Simultaneous Determination of Surface Free Energy and Sticking Probability of Nanoparticles Formed under Highly Supersaturated Environments and Importance of Microgravity Experiments

Int. J. Microgravity Sci. Appl. 2012p184
Yuki KIMURA 1, Takaya NOZAWA 2, Kyoko K. TANAKA 3, Hitoshi MIURA 1,Takao Maki 4 Katsuo TSUKAMOTO 1, Itsuki SAKON 5 and Yuko INATOMI 6
1 Department of Earth and Planetary Materials Science, Graduate School of Science, Tohoku University, 2 Institute for the Physics and Mathematics of the Universe, University of Tokyo, 3 Institute of Low Temperature Science, Hokkaido University, 4 Product Development Department 1, Micro-Imaging Systems Division, Olympus Corporation, 5 Department of Astronomy, Graduate School of Science, The University of Tokyo, 6 Institute of Space and Astronautical Science
The gas evaporation method, which is a typical smoke experiment, has a history of almost half century. Nevertheless, there has been almost no report concerning nucleation in a smoke in view of crystal growth. Here, we observed a nucleation process of thermally evaporated manganese vapor in an argon gas using a Mach-Zehnder type interferometer and showed that nanoparticles homogeneously condense only in very highly supersaturated environments. Condensation occurred at 660-785 K well below the equilibrium temperature and the degree of supersaturation was as high as ~5×104. Based on the condensation temperature and size of the condensed particles, which were measured by transmission electron microscopy, we determined the surface free energy and sticking coefficient for nucleation of Mn at 1106 ± 50 K to be 1.57 ± 0.35 J/m2 and 〖0.42〗_(-0.21)^(+0.42), respectively, by means of a semi-phenomenological (SP) nucleation theory. The large errors in these two parameters will be decreased by microgravity experiments.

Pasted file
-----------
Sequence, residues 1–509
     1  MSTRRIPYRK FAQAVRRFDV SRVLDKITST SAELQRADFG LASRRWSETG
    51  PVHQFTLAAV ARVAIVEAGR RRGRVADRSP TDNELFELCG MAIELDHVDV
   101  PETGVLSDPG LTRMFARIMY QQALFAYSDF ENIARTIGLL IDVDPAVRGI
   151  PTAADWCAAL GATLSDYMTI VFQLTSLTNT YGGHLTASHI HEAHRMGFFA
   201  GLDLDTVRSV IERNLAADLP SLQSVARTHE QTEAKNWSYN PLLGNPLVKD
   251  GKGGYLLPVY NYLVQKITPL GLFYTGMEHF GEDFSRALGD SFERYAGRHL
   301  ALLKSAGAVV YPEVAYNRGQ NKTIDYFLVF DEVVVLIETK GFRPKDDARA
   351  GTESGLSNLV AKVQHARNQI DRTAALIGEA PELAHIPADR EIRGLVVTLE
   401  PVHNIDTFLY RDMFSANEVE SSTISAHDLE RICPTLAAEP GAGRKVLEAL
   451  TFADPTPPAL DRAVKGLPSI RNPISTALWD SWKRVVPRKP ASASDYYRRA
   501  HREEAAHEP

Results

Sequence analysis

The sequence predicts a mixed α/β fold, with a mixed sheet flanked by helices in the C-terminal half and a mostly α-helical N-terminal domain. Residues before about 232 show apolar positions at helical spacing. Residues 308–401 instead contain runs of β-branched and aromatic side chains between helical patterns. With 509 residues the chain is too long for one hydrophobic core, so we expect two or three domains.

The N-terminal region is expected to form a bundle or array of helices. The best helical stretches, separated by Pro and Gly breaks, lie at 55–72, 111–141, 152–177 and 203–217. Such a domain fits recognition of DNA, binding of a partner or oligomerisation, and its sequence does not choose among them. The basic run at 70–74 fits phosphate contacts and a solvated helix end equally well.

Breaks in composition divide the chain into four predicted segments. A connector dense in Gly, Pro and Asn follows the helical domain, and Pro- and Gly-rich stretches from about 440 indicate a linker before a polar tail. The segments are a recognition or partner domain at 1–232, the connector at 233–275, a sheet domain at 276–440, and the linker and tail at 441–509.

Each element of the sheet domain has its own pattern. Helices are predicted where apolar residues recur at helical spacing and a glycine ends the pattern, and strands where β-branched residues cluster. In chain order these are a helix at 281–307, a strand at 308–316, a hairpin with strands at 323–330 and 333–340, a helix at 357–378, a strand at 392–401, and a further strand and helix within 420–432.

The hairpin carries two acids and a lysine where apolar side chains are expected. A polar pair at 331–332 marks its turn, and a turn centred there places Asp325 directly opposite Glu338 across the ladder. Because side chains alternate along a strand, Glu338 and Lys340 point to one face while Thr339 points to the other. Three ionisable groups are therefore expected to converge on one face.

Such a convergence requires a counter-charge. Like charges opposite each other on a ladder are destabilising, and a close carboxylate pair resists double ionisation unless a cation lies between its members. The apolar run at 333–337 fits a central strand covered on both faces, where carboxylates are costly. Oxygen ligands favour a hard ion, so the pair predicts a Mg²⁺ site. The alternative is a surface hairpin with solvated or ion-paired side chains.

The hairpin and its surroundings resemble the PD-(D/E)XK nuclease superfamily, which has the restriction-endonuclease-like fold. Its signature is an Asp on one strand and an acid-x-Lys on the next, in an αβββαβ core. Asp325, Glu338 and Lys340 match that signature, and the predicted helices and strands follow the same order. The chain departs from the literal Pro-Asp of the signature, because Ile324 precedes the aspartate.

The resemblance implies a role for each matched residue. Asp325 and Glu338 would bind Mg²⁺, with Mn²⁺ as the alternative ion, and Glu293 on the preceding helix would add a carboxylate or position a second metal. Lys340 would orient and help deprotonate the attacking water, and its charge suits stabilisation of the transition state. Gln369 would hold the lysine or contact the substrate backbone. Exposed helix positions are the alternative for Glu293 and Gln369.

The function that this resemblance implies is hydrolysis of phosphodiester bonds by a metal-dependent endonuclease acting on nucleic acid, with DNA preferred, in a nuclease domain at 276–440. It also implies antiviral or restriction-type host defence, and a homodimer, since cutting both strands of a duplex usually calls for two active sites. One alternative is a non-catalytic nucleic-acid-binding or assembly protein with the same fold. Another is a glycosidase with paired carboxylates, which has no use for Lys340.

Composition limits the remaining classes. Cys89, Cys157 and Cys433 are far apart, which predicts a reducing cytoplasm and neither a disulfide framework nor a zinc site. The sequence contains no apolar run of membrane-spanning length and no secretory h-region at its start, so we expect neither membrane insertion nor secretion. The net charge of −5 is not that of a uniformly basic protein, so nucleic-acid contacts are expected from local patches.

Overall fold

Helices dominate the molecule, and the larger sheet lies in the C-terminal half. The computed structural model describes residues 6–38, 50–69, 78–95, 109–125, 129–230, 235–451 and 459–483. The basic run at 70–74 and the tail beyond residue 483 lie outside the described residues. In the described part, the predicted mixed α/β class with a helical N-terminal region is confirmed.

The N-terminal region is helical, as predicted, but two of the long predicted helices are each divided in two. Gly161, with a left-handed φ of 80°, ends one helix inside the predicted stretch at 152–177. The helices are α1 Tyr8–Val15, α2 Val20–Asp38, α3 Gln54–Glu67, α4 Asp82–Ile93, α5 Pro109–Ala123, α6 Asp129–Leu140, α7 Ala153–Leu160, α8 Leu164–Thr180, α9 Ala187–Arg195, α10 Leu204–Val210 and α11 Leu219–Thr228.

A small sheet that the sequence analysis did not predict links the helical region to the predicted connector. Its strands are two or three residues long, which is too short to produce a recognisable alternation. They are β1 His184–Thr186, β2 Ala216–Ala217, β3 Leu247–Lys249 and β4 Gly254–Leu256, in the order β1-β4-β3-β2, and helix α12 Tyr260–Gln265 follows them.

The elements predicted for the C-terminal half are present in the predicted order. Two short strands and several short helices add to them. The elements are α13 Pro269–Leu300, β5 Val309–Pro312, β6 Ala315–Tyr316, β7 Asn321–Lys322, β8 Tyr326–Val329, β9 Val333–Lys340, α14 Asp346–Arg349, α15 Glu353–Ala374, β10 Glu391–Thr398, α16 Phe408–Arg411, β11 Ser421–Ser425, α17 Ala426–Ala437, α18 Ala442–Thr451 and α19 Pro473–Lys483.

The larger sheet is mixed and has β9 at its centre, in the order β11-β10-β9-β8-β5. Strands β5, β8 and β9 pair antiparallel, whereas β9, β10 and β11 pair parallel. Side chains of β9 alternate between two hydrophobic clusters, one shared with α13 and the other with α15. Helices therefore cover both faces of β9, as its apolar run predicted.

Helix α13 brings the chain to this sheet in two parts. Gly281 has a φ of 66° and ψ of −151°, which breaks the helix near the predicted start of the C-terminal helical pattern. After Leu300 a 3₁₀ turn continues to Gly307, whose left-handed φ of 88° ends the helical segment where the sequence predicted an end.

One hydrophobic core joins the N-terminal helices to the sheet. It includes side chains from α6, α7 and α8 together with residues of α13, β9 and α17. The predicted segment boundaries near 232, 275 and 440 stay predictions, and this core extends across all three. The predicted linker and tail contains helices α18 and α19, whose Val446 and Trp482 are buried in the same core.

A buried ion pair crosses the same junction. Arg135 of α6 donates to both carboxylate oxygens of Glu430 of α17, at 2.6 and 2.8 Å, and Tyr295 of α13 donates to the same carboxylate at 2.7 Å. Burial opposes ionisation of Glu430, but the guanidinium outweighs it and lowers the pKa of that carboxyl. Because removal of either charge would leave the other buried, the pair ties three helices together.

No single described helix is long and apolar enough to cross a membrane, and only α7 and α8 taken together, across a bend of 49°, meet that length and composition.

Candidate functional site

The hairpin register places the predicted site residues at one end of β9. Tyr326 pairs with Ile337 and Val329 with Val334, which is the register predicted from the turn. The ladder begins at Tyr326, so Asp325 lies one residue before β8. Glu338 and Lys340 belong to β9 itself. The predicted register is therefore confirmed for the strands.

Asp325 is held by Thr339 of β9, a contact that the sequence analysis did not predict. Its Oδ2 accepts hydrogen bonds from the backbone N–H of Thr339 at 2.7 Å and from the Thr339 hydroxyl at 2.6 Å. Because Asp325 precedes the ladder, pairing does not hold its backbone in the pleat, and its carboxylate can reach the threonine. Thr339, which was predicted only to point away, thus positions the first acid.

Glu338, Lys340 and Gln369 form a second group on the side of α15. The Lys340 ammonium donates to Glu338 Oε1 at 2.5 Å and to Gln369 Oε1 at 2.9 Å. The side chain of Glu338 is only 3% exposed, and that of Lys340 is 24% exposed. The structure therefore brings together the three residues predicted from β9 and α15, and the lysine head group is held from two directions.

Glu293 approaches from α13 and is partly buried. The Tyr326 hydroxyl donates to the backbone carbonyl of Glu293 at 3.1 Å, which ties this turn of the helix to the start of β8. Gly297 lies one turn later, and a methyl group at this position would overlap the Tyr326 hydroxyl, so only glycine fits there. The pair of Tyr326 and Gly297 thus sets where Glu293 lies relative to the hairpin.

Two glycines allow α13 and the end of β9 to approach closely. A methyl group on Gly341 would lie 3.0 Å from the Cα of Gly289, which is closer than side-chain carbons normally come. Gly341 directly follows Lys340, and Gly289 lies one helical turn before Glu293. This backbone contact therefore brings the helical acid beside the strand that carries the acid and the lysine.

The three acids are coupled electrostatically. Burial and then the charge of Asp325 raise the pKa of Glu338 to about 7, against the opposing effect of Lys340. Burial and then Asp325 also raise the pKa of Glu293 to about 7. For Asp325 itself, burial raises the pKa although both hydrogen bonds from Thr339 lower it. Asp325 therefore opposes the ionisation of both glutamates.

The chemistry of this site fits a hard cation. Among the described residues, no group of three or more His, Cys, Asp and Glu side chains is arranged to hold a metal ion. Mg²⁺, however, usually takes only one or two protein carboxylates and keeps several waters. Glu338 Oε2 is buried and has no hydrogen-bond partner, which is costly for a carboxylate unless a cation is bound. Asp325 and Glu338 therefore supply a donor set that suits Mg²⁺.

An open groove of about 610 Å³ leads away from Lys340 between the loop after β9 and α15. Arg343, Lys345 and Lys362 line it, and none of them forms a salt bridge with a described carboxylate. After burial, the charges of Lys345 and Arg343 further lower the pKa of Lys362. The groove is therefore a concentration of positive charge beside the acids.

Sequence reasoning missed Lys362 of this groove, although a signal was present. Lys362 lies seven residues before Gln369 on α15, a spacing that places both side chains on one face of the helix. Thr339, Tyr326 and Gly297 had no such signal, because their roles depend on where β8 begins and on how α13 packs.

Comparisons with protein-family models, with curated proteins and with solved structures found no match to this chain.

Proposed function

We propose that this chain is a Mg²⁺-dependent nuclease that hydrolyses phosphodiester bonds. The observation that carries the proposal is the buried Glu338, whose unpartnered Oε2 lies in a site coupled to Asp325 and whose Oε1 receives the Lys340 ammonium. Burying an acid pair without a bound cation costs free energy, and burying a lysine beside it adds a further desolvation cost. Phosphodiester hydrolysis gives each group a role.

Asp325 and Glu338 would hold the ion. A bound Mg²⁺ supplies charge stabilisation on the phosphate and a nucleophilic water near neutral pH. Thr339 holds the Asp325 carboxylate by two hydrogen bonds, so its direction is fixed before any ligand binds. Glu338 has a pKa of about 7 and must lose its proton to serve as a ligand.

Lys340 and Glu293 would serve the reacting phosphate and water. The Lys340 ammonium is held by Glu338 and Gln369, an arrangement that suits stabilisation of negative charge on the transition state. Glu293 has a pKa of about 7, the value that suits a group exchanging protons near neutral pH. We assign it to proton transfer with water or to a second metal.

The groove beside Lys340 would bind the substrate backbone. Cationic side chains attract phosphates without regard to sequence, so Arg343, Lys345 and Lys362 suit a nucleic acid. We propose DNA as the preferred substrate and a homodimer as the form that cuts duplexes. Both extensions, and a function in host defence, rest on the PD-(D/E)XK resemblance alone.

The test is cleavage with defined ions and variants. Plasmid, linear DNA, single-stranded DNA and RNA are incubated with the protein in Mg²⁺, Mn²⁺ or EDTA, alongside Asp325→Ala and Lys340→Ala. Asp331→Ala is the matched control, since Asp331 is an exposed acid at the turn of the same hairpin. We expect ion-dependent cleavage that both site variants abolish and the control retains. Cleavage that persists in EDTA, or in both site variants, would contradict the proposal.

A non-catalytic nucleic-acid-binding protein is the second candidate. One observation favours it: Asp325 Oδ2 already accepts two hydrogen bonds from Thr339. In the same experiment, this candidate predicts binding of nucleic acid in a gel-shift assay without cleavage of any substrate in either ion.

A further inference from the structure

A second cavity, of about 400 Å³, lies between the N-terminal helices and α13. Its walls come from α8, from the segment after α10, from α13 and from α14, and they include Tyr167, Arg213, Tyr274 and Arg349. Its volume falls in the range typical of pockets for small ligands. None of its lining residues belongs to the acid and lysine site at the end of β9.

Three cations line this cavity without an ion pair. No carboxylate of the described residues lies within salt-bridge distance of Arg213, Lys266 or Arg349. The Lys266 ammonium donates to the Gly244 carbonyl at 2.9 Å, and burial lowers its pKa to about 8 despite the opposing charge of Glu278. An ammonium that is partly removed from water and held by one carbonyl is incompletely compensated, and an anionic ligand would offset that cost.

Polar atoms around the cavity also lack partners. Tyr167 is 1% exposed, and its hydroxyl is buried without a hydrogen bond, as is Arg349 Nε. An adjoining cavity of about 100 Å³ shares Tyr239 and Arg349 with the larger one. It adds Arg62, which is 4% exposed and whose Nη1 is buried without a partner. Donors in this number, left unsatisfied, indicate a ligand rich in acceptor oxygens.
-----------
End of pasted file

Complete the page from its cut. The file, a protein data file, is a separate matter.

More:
© The Japan Society of Microgravity Applicaiton

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